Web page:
Do you forget to focus on progress and lose yourself in compare and despair?

I know better than to compare and despair. It’s a waste of time and gets me into trouble every single time. But, occasionally I find myself bereft because I forgot my own advice and I did a compare and despair. Here’s the thing, I’m not someone who should be comparing myself to anyone but myself. The only thing that should matter is, how is my progress coming along. How are my projects going, has my mental health and spiritual life grown, and things like that?

Better to be a work in progress than live in the same boring dysfunction

That being said, let’s get into the work in progress. For a person in recovery, it helps to keep working on yourself and your personal development. I heard it described once as being on an escalator going down–if you stop climbing, you will start going back. I don’t want to revert back to who I was or regress into old bad behavior. So forward we work and climb. One way to keep the comparing away is to be working on yourself and tracking progress. Any kind of goal will do, physical, nutrition, recovery, personal, romantic, just give yourself something to work on and markers to hit. When you have growth to focus on you feel better.

Limit exposure to triggers

If looking at the social media accounts of certain people is making you go bananas, you have to stop looking. The best way to keep your self-esteem up is to limit the content that will make you feel badly about yourself. Mute accounts that trigger you, don’t attend events that might make you feel inferior, and remember not to compare your insides to someone else’s outsides.

Always count your blessings and return to gratitude

There are so many people all over the world who are living in terrible conditions. From wartorn countries to people living at the poverty level to starvation, we have to remember that if we have a place to live and enough to eat, we are winning at this life. A good perspective will truly help so remember that you have a lot to be grateful for and happy about.

What can you do today that you couldn’t do a year ago?

This is the other perspective that brings me relief. I’m a constant improver, which means I’m always trying to get better. At everything. Improve my spiritual life, improve my health, physical being, recovery, relationships, and on and on. This past year I have improved my health, and diet, and cut out so much processed food I shocked myself. And, what everyone says is true. You feel better when you eat right. I also got into the best physical shape I’ve been in since my spinal surgery a decade ago. That is an accomplishment too. Truth is, I did everything I said I would this past year I just didn’t get all the results I want. Sometimes you can do all the work in the world and not get your desired results, so take pride in the progress. What have you done this year? What can you do today that couldn’t a year ago? I bet there’s more than you think.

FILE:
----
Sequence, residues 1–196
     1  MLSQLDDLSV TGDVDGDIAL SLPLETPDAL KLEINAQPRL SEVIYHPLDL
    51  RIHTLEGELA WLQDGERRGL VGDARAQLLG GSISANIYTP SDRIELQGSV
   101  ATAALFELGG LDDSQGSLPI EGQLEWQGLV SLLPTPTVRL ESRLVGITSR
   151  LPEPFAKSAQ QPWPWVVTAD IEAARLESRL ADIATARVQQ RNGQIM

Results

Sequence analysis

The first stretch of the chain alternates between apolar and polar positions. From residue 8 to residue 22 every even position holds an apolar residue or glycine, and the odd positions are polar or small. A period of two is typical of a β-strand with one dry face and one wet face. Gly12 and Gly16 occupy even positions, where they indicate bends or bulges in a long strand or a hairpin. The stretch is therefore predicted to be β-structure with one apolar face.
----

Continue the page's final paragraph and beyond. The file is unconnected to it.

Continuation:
The moral? Goals need to be things you can achieve on your own. The results are a whole other matter. The feeling of failure is not helpful when you feel bad about things that you can’t manage. I accomplished my goals and I’m going to quit the compare and despair because I deserve more today.

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Lindsey Glass

Lindsey Glass is the co-founder of Reach Out Recovery. Her 2016 ASAM Media Award winning documentary, The Secret World Of Recovery, has helped to lift the stigma from addiction and recovery and is used in recovery programs nationwide to show what life is like on the other side of addiction. Lindsey's teen prevention documentary, The Silent Majority, was distributed to PBS stations nationwide by American Public Television in 2014-15. Lindsey has written dozens of popular articles on recovery. She is a recovery advocate and frequent keynote speaker. Lindsey is the author of 100 Tips for Growing Up, My 20 Years of Recovery, 2019. Before focusing on recovery, Lindsey was a TV and screenwriter. She has worked in publishing, web development, and marketing.

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